NHF: Coping with shortage of vitamins A and E in swine diets

This month, the swine nutritionist team at the University of Minnesota share in the National Hog Farmer, how to cope with the shortage of vitamins A and E in swine diets.

Usually, vitamins A and E are added to swine diets at up to 4 times the recommendation made by the National Research council. This is due in part to the variability of requirements in swine. However, a system-wide approach could help the industry to cope with the increase in price and the limited supply.

A wide range of alternatives are proposed to make up for the shortage:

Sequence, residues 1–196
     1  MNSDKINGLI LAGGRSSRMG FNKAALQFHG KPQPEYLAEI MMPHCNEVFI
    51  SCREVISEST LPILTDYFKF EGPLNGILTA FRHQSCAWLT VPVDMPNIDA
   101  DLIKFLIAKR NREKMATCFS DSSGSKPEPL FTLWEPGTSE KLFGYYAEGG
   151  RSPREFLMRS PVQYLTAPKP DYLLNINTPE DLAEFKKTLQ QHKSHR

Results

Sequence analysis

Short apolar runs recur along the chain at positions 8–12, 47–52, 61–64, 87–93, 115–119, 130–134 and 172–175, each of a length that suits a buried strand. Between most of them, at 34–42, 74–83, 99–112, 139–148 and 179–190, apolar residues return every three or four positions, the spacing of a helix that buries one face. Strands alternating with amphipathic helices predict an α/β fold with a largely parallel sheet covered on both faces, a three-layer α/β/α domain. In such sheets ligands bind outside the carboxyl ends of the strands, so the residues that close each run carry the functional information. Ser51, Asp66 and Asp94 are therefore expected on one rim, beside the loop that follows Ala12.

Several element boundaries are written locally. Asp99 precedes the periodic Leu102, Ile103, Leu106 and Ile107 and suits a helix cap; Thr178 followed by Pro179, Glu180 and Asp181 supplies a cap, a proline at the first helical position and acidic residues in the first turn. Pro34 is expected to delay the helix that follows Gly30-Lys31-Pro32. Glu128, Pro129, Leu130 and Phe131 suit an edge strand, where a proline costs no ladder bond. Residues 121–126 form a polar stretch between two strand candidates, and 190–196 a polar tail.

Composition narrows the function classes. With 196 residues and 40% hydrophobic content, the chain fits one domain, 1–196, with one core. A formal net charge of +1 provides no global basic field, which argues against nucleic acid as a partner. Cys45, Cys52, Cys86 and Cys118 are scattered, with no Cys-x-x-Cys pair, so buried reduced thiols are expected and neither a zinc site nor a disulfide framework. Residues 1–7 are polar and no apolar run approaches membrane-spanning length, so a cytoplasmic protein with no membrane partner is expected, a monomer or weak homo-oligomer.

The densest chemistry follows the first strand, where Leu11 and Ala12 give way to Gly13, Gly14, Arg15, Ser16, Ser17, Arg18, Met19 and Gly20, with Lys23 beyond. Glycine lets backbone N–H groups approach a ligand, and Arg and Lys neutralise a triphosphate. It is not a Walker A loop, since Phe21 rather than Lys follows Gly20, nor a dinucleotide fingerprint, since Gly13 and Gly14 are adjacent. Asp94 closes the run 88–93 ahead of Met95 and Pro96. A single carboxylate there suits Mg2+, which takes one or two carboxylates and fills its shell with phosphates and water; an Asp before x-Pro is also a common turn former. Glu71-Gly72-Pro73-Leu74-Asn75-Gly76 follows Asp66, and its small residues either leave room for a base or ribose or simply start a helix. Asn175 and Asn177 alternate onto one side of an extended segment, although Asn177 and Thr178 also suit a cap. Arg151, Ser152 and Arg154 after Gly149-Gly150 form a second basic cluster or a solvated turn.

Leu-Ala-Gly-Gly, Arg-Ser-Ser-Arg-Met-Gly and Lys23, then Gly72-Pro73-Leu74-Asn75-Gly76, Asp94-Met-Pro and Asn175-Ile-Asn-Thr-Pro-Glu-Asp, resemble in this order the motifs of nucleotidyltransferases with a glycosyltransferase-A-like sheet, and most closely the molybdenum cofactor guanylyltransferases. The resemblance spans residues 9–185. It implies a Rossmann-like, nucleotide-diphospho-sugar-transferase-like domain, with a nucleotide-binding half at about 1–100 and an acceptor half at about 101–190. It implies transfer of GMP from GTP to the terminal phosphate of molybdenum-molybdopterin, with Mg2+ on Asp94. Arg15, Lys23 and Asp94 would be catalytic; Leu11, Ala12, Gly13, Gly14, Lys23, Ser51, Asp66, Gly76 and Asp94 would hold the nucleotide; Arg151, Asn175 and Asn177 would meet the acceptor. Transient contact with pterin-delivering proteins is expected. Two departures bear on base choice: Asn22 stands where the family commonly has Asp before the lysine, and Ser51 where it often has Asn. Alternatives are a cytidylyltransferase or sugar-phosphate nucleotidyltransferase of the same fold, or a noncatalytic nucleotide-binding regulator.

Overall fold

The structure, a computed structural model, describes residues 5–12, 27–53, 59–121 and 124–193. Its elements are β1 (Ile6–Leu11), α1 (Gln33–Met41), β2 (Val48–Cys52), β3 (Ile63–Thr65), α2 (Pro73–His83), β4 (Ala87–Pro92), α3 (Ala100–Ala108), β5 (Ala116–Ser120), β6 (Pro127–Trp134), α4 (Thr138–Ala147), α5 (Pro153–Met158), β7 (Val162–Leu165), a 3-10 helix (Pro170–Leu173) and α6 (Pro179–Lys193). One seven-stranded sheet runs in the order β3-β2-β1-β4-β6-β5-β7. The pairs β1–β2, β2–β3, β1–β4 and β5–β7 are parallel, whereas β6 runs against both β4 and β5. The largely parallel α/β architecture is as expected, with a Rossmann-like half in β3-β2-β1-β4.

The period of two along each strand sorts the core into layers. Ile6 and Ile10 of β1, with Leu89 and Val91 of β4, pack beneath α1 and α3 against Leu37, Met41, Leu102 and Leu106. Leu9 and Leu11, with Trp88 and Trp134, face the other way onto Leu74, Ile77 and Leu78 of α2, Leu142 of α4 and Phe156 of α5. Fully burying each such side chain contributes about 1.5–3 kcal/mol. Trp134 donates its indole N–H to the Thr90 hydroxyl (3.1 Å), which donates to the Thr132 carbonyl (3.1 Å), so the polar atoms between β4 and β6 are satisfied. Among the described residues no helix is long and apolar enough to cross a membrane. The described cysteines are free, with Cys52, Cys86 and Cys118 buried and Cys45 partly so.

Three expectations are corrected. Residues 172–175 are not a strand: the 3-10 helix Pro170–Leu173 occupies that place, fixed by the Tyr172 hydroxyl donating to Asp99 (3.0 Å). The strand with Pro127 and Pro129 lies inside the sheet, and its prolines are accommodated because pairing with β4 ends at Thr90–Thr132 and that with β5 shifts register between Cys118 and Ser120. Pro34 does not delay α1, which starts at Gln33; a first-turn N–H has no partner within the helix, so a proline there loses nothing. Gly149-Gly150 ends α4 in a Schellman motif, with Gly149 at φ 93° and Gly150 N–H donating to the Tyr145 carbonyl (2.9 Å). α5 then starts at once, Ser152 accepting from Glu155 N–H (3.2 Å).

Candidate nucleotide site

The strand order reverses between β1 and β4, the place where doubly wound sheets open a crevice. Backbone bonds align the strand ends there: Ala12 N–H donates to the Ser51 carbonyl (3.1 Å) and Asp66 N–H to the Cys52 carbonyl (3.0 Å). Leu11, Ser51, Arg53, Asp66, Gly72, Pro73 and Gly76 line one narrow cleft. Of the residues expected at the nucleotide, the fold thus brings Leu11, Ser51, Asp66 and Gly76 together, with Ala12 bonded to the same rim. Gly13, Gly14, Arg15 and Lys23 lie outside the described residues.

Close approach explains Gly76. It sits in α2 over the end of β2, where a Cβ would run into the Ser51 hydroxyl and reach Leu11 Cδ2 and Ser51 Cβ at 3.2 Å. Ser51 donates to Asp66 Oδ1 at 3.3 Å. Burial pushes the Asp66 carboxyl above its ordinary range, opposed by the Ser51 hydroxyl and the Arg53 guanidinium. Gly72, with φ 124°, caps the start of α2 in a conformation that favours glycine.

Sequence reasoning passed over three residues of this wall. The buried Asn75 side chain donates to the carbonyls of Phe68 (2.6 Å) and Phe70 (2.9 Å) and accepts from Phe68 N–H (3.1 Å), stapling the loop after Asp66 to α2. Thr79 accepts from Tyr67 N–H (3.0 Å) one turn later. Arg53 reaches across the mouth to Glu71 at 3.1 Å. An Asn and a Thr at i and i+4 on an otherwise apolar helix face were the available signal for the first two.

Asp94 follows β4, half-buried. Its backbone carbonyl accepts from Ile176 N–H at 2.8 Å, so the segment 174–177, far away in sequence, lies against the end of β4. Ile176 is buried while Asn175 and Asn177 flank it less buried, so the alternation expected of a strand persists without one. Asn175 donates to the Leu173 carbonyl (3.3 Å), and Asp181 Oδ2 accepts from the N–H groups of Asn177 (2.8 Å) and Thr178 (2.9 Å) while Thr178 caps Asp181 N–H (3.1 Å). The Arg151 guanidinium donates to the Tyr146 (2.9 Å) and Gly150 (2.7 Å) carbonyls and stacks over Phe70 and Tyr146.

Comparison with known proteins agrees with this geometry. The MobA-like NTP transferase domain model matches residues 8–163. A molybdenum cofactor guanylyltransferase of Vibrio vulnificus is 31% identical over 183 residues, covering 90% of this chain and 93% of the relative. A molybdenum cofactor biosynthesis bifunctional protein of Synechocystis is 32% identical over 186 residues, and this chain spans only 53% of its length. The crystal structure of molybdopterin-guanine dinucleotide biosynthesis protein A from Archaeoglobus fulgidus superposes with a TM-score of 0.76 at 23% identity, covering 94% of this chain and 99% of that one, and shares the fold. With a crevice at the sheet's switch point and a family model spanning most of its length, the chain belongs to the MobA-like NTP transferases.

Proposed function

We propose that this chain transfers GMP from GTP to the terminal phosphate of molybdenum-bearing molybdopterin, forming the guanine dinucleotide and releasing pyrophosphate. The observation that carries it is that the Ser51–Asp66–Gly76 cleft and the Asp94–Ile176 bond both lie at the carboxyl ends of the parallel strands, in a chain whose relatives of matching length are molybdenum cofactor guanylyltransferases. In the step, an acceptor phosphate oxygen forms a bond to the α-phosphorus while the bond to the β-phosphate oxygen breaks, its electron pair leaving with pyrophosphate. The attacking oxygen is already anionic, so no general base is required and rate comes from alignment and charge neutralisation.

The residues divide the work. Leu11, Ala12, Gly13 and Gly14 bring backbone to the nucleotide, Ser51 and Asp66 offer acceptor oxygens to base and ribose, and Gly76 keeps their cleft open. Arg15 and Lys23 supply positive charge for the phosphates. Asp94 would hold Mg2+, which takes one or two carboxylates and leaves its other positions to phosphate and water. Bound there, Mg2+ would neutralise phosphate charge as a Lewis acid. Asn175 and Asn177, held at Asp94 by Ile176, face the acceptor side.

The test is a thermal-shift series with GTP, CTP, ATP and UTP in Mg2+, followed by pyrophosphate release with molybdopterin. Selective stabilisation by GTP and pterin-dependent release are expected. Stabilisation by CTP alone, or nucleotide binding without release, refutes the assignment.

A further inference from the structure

• Rely on body reserves
  • Add ingredients with high levels of vitamins
  • Remove vitamins A and E from finishing diets 35 days before harvest (it has no effect on their performances)
  • Minimize storage time to avoid degradation
  • Avoid low-quality oils to increase vitamin E absorption by the liver
  • Polyphenols and carotinoids can be used as alternatives
  • Strategically use injectable form

In addition to those strategies, farm personnel needs to be vigilant and look for signs of deficiency like impaired reproductive performances and Mulberry Heart Disease.

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